Healthcare sounds the alarm: Close non-essential activities

HEALTHCARE

The Luganese Moncucco Clinic has had to increase the number of beds in intensive care - Director Camponovo: ‘We don’t know exactly what is happening’

Healthcare sounds the alarm: Close non-essential activities
Healthcare sounds the alarm: «Close non-essential activities»

Healthcare sounds the alarm: Close non-essential activities

Healthcare sounds the alarm: «Close non-essential activities»

Ticino health care is launching a new alarm. The Luganese Moncucco Clinic has announced that - following the evolution of the pandemic - it has been forced to further upgrade its intensive care beds, adding 7 to the 19 already active since November. In total, there are now 58 beds in the COVID facilities of Moncucco and Locarno. A large number, yes, but which risks not being enough. In fact, yesterday 50 patients were admitted to these rooms. And the hospitalization numbers do not bode well.

The illusion

The central point is the rate of admissions. While on one hand there was a stabilization of diagnosed cases during the Christmas holidays, on the other hand there was a new increase in hospitalizations last week. The test data at this stage does not report everything. Indeed, they risk creating a distorted and dangerous view of reality.

‘The numbers say just that’ explains Christian Camponovo, director of the Luganese Moncucco Clinic. “In particular, the figures for hospitalizations both in the ward and in intensive care are worsening. If we look exclusively at the data of the infections, we live in a sort of illusion: they seem better than the period before Christmas“. But there is an explanation as clear as it is disturbing. Camponovo again: “The signs are clear. Lately, the youngest as well as people up to 50 no longer go to be tested. We have in fact noticed a collapse of the positives in those age groups that cannot be explained otherwise“.

A worrying trend

Yet, the virus continues to circulate among the Ticino population. And massively. “The rate of positivity among those who carry out the test is worrying, we are around 30 percent“ comments the director of Moncucco. “Well above the 10-15% alarm threshold“ The suspicion, then, is that many have given up the test in order not to deprive themselves of the moments of celebration. “The data we can see says that during Christmas far fewer people were tested, especially young people“ Camponovo reiterates. “However, still referring to the data, I see that this trend started around December 20th and this sign leads me to assume that there has been a certain relaxation, a certain tendency to give up the test in order not to have to undergo isolation or quarantine. A highly selfish behavior“.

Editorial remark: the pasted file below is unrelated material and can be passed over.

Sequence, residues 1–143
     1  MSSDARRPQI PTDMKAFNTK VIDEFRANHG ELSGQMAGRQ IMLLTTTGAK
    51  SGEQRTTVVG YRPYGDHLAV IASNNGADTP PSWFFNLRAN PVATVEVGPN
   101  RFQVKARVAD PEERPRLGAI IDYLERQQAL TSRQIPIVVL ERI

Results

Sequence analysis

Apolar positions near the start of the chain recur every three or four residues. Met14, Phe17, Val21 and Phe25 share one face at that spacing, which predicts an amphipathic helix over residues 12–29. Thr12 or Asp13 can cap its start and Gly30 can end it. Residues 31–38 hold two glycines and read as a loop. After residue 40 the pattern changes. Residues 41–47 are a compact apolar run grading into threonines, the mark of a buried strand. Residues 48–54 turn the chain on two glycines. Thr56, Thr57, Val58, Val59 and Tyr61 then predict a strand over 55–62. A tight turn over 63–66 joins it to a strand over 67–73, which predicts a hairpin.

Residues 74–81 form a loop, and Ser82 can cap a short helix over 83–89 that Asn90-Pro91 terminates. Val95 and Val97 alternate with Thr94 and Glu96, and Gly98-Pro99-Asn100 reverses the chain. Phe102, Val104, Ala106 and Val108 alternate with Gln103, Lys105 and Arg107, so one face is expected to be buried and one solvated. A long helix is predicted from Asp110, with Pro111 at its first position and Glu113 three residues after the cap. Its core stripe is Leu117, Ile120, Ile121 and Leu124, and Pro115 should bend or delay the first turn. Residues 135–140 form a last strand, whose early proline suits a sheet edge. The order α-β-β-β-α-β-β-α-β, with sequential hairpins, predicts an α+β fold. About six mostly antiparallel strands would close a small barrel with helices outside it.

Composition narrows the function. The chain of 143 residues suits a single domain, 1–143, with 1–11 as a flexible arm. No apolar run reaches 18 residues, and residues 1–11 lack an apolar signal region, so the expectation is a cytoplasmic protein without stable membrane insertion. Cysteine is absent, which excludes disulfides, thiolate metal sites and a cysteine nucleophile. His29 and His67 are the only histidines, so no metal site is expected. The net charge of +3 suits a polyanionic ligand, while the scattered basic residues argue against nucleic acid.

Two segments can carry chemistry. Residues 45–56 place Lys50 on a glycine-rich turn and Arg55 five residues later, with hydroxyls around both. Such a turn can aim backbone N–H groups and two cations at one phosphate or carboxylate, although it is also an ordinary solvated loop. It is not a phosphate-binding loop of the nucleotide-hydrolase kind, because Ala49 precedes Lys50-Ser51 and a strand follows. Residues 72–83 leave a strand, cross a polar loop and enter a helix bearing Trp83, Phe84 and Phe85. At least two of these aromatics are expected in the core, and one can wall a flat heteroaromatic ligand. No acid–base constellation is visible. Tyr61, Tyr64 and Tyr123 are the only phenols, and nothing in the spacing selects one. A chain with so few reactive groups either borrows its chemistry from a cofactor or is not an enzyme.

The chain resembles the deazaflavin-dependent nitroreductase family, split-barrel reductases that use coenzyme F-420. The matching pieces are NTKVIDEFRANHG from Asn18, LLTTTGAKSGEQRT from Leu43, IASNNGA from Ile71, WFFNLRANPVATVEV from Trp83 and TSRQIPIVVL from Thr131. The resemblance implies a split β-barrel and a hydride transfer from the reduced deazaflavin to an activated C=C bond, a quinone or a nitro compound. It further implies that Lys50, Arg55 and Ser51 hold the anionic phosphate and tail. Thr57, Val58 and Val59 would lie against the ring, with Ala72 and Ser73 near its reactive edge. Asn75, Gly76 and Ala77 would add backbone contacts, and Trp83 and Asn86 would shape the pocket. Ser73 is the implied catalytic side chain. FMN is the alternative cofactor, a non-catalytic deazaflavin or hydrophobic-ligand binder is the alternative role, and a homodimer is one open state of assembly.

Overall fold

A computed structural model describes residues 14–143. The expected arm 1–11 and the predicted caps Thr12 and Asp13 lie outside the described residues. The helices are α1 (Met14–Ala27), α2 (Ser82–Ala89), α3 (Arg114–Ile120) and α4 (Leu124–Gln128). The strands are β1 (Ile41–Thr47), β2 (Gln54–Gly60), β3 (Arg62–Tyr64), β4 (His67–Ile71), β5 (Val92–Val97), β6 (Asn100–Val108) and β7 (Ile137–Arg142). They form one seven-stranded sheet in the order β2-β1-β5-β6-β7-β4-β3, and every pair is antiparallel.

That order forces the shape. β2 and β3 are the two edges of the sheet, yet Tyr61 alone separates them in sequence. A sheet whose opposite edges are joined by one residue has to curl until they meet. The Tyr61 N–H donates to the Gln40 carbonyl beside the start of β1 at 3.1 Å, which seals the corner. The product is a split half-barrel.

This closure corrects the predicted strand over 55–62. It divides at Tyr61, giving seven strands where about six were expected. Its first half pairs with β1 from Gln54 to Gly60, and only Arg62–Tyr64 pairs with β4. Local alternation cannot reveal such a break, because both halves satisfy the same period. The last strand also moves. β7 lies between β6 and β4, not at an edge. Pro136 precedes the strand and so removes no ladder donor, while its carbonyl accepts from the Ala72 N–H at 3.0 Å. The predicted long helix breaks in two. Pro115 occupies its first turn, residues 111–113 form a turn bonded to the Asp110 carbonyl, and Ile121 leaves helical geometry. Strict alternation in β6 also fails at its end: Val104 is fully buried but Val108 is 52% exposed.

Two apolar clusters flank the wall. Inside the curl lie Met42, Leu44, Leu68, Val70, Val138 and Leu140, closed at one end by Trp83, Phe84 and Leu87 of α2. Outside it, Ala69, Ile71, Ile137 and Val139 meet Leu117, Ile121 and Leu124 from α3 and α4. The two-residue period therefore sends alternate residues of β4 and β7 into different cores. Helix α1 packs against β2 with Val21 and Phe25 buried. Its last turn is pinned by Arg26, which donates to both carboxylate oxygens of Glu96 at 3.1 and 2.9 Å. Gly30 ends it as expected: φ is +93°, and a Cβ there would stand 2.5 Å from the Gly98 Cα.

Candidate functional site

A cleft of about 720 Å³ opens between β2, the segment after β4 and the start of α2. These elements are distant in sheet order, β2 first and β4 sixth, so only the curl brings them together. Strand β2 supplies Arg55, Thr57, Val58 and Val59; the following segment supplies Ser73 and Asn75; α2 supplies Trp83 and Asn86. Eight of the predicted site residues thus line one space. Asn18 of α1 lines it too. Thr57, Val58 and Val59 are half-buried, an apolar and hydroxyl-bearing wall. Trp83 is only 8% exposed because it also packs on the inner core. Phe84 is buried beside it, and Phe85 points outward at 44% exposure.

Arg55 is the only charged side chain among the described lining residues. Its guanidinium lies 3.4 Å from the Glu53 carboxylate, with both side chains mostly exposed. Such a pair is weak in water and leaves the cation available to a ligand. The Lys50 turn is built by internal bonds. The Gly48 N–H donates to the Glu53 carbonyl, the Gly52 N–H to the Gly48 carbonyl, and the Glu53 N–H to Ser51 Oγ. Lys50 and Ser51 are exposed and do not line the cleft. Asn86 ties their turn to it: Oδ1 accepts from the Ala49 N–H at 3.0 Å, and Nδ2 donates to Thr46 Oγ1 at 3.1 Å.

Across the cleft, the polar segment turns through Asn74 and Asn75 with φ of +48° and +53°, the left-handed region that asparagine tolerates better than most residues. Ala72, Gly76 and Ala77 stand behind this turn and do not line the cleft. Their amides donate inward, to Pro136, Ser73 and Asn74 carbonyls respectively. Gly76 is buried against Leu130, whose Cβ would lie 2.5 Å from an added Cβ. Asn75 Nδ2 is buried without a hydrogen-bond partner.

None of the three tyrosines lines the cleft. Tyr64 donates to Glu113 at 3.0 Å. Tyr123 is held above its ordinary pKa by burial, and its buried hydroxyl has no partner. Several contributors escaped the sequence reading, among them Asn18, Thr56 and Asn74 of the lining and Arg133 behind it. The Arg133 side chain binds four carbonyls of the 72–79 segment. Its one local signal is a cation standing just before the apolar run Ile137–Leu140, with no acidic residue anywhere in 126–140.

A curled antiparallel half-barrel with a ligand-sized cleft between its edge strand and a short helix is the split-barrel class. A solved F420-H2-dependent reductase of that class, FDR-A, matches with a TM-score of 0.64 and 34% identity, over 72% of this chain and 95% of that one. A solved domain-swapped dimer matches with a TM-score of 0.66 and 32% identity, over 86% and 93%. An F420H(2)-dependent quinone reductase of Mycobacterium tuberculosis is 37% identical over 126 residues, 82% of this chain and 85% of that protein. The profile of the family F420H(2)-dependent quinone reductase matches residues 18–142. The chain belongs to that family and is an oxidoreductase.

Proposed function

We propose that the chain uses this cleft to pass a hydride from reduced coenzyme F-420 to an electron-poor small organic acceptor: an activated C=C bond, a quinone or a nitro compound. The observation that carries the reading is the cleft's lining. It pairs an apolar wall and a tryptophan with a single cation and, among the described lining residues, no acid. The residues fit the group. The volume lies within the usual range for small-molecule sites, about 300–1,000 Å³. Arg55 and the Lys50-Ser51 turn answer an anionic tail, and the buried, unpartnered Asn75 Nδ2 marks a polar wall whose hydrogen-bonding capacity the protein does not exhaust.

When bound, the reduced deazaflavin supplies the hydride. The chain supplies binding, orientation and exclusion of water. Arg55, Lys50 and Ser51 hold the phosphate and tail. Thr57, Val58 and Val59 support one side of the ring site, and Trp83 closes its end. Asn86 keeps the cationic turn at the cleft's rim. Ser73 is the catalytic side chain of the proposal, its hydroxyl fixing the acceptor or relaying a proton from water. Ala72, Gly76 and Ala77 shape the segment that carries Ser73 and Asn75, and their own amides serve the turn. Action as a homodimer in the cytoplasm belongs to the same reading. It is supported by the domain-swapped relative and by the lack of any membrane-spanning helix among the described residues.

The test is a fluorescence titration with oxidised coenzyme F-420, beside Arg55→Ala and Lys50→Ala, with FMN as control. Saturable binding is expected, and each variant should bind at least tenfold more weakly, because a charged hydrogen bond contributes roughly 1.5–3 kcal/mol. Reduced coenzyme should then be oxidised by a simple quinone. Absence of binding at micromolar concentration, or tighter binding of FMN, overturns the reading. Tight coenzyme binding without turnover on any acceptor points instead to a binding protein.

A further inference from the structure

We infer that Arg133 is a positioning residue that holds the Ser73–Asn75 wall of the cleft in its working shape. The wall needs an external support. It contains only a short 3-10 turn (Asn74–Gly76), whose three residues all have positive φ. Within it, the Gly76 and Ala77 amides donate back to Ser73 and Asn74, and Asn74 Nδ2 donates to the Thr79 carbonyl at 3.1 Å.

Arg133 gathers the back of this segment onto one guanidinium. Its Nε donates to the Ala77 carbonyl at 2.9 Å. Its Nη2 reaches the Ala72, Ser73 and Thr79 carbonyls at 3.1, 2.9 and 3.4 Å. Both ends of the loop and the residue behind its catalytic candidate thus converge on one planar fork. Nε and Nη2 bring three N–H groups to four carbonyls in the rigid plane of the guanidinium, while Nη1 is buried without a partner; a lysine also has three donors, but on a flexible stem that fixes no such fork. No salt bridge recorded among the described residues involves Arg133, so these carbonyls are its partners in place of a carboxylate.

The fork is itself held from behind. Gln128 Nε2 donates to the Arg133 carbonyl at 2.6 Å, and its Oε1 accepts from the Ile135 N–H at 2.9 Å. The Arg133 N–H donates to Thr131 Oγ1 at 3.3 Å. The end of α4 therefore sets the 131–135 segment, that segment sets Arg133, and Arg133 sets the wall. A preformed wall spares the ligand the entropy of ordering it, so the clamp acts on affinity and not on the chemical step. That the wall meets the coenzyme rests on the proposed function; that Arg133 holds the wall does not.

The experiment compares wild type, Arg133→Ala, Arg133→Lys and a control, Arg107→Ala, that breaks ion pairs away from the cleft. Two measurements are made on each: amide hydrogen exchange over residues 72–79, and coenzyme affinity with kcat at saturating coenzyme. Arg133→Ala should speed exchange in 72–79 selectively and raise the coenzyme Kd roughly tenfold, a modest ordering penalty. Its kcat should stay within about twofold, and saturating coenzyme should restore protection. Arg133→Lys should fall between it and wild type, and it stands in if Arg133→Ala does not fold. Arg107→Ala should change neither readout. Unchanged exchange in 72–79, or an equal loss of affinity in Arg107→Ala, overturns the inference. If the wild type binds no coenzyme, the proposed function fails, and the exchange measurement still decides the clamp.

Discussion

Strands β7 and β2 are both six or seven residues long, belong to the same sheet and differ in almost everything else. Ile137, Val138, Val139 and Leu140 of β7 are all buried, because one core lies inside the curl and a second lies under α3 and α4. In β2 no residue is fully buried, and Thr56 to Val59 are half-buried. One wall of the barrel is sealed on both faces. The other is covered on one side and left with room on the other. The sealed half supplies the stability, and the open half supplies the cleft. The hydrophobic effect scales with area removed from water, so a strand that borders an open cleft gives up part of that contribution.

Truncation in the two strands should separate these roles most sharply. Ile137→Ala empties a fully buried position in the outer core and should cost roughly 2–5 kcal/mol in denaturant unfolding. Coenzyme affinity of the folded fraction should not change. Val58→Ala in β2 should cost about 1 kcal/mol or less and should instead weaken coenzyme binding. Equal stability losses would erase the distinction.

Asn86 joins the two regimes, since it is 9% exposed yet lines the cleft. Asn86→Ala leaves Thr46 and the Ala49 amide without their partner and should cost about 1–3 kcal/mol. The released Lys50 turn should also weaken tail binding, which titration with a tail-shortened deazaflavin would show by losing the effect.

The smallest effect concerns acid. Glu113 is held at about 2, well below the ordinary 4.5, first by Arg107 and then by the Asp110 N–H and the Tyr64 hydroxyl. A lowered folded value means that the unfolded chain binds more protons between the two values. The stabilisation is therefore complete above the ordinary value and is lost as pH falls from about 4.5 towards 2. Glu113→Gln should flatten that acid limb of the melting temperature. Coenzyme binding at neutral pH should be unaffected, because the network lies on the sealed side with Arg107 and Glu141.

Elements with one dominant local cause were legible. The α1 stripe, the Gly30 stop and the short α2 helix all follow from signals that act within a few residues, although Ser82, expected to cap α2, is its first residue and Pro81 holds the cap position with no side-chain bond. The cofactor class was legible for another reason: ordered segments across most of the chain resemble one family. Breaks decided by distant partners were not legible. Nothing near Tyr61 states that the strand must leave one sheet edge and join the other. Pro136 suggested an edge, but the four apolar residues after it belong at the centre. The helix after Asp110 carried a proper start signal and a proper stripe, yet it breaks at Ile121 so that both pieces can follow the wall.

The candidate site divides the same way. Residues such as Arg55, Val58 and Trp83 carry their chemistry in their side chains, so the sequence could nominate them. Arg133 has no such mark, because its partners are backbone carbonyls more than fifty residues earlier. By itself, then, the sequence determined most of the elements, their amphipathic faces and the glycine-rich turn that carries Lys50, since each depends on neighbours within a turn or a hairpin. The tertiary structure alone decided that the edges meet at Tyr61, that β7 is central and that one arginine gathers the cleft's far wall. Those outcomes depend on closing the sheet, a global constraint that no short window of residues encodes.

There is no escape from those data

The numbers relating to infections are stable, and down compared to some time ago. But the reality is different, and it can be seen precisely in hospitalizations. “There is no escaping from these“ continues Camponovo. “We saw it in the first wave, when there was a whole other diagnostic system and there was only one case in every six or seven actual cases. The situation from this point of view has in the meantime improved a lot. But in fact, you can’t go wrong about hospitalization: when a person lacks air, he goes to the hospital“. From the simulations carried out regularly, one out of five infected people over 50 must seek hospital treatment. A stable figure for the past four weeks.

A lot of caution is needed

The holidays are drawing to a close. From Thursday we will return to work, as well as to school. We are therefore living in a very delicate phase: the signs of a massive circulation of the virus are all there, on the other, people will return to mix and have professional contacts. “In the situation we are currently in, where we don’t know exactly what is happening as we are ‘underdiagnosing’, we have to be extremely cautious. We should keep our guard up, and therefore I would avoid immediately returning people who have not seen each other for two weeks. Here, all the measures aimed at avoiding this remixing of society are welcome”.

What Camponovo is asking is time. “Yes, time to really understand where we are, what is happening in the area. At least initially, I would not send teenagers to school, starting from middle school. In general, we must be cautious about the opening of shops and businesses“. The director then broadens the discussion, connecting with what is happening around us in Switzerland. “I don’t think Ticino and Switzerland are different from other countries, like Germany or Austria, which also have a very solid health system but have closed everything. We can’t be superheroes and think we can manage a situation that still sees us in bad shape. I would also like to remind you that Ticino has the highest rate of elderly population in the Confederation: about 23% of those over 65. Other Cantons have a much lower rate. It means that we have a much larger segment of the population at risk than in other contexts“.

“People who risk ending up in hospital or even dying“. For Camponovo, therefore, further measures are needed, involving the whole of society. “I think it’s important to shut down non-essential businesses for at least two or three weeks until we have the full picture. Once the situation has stabilized, openings can then be evaluated. I am the first to say that education is essential, but let’s take a moment - also in relation to the new variants of the virus - to really understand where we are. And here I appeal to the Government“.

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